Any redemption that Julia can find is further embedded in Zonca’s underlying commentaries First, the destructive nature of alcoholism and the correlative violence acted out against children, a reoccurring monologue recited to Julia by those around her as a cautionary tale of alcohol abuse. Second, the misdirected attention applied to the Mexican border, Julia is seemingly discovered and pursued by a helicopter while harboring the boy. She happens upon refuge in Mexico and the authorities resume their preoccupation with illegal immigrants, letting her and her hostage slip through their fingers. Together, Swinton’s provocative portrayal and Zonca’s loaded story line solidified Julia’s candidacy for the 2008 Berlin Film Festival’s Official Selection.

Often in her career, Swinton has found a special compatibility with certain directors. Her longstanding fondness for and collaboration with Luca Guadagnino have yielded an impressive collection of films including: The Protagonists (1999), The Love Factory (2002), A Bigger Splash (2015), and the concluding film of our focus series I Am Love (2009). As expected, Swinton’s commitment to the role as Emma Recchi, a Russian transplant to Milan’s Italian upper class, is continually on par with Guadagnino’s flare for vibrant and meaningful visuals.

In his glowing review Roger Ebert notes, “Tilda Swinton is a daring actress who doesn't project emotions so much as embody them. “I Am Love” provides an ideal role for her, in that her actions speak instead of words.” Naturally, Swinton internalizes the essential identities of her character: a devoted mother, a conflicted wife, and a covert lover, all delivered in a very palpable performance. In the one evening that we are introduced to Emma she superintends every minute detail of her family’s affairs. The carefully designed seating plan with its constant revisions speaks volumes of her attentive and adhesive influence over the family. Subtle as they are, Guadagnino ensures that even her quiet gestures do not go unnoticed. An acute camera catches slight but weighty moments of Emma’s matrimonial servility; her husband truncates her grooming to shackle her wrists with bracelets before the family dinner, during which she spends more time directing the staff from her seat than engaging with her guests. Guadagnino’s lens is preoccupied with Swinton’s gaze, the only manifestation of Emma’s intense longing.  Her understated physicality maintains her opacity throughout even the most sensual of scenes. Meanwhile Guadagnino boldly harnesses scenery and architecture in order to exaggerate Emma’s departure from a restrictive reality. She travels to great lengths to luxuriate in an affair. Be it a never-ending drive along a country road to a secluded farm wherein a fragmented radio signals the substantial passage of time, or her winding descent down a long hidden staircase for a secret rendezvous.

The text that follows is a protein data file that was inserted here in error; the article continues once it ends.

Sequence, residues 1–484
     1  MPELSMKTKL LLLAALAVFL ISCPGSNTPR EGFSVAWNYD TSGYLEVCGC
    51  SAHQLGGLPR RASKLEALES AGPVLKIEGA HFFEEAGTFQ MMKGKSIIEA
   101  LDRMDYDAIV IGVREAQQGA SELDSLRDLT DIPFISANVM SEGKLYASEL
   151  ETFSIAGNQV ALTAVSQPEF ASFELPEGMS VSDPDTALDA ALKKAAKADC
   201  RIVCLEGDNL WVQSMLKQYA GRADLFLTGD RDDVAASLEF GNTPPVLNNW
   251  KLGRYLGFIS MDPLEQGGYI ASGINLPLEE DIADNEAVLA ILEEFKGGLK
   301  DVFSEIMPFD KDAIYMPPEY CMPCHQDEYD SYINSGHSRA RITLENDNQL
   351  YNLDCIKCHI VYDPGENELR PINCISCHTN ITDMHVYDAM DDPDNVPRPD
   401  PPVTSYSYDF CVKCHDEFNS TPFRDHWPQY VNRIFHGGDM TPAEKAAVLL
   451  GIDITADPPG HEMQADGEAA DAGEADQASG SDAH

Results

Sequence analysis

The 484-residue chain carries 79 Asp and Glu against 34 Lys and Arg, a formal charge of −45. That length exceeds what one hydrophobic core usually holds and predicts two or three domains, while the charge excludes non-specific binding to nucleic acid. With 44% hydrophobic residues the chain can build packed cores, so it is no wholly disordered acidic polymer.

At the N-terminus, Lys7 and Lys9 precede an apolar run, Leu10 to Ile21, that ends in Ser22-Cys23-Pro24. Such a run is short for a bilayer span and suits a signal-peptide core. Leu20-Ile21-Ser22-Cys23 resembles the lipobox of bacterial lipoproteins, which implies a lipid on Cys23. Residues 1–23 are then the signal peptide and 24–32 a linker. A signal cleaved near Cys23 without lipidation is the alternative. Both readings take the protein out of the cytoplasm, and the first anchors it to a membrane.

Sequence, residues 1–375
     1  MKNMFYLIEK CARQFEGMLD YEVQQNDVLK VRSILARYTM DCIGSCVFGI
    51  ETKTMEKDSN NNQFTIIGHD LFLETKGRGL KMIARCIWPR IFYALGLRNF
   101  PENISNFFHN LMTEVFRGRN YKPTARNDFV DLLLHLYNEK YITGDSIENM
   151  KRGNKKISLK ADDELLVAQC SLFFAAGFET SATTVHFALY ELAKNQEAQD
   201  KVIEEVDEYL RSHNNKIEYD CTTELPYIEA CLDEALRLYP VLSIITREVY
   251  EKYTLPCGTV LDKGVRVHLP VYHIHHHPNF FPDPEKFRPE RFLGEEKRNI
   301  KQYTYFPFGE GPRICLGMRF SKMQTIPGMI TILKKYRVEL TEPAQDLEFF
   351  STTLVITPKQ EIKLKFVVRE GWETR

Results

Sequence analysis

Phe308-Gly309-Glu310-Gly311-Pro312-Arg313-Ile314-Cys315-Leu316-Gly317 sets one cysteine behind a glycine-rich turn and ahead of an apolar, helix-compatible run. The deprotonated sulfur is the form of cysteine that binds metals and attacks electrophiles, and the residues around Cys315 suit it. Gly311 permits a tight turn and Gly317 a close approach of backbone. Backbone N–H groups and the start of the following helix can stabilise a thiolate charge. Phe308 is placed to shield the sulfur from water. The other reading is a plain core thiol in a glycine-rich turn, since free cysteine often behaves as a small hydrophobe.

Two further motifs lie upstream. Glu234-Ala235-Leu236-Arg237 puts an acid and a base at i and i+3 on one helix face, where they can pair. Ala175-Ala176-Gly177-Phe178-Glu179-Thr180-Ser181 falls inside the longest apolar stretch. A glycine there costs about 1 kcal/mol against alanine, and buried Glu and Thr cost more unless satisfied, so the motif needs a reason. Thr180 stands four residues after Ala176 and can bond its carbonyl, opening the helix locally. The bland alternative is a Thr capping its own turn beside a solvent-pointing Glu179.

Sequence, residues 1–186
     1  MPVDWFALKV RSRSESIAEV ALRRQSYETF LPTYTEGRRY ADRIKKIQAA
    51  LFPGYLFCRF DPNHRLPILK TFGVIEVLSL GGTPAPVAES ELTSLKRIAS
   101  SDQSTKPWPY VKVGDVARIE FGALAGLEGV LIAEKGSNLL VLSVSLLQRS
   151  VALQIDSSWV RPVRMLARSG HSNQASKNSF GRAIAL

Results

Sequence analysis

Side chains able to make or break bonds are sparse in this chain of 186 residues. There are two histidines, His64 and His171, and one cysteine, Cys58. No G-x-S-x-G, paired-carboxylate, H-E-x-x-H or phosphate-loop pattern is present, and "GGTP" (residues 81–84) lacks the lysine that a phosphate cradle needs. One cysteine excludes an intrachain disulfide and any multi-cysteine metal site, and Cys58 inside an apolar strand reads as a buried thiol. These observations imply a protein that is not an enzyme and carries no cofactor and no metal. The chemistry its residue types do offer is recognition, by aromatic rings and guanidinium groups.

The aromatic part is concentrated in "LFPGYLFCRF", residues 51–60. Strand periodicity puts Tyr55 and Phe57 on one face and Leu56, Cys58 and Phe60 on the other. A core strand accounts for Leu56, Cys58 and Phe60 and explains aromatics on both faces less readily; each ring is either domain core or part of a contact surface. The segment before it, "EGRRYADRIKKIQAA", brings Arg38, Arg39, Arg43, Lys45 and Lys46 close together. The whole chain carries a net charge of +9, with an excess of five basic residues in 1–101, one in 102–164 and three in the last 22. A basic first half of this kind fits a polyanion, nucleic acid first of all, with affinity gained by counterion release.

Ebert’s summation resonates further when considering Swinton’s laborious preparation for her role. She not only learned to speak Italian, but with a Russian accent. In a way, Emma’s multidirectional perfectionism mirrors Swinton’s own involvement in the film. As a producer, an editor, and of course an actor, she wholeheartedly threw herself into the realization of what had been a seven-year endeavor for both herself and Guadagnino. In conversation with Dave Calhoun for Time Out London, Swinton recalls her motivation for the project in the first place saying, “Back then Luca and I started talking about the kind of cinema we want to engage ourselves with, which is a new kind of sensational cinema.” Indeed, I Am Love is just that, visually arousing and intensely dramatic, a perfect series finale. 

Though a sampling of Swinton’s cinematic works, these four films are robust examples of her capacity as a performer and artistic ally. Ever so humble about her influence, it is precisely her courteous nature and reiterated respect for dramaturgy that maintain our curiosity. Cinémathèque is excited to bring a quaint collection of films that we feel position Swinton as a quintessential component in Contemporary Cinema.